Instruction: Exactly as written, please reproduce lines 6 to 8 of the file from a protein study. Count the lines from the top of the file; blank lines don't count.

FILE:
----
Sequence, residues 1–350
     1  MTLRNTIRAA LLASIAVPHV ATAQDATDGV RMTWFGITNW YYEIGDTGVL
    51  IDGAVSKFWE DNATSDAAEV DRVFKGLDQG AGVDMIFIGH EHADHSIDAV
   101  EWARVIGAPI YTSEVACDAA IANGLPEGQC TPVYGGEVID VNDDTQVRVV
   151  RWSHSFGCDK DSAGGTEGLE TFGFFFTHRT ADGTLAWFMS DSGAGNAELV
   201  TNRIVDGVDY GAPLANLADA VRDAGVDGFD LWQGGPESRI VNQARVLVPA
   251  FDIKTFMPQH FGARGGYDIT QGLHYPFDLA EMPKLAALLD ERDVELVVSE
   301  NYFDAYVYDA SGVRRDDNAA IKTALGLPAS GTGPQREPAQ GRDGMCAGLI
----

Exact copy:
   201  TNRIVDGVDY GAPLANLADA VRDAGVDGFD LWQGGPESRI VNQARVLVPA
   251  FDIKTFMPQH FGARGGYDIT QGLHYPFDLA EMPKLAALLD ERDVELVVSE
   301  NYFDAYVYDA SGVRRDDNAA IKTALGLPAS GTGPQREPAQ GRDGMCAGLI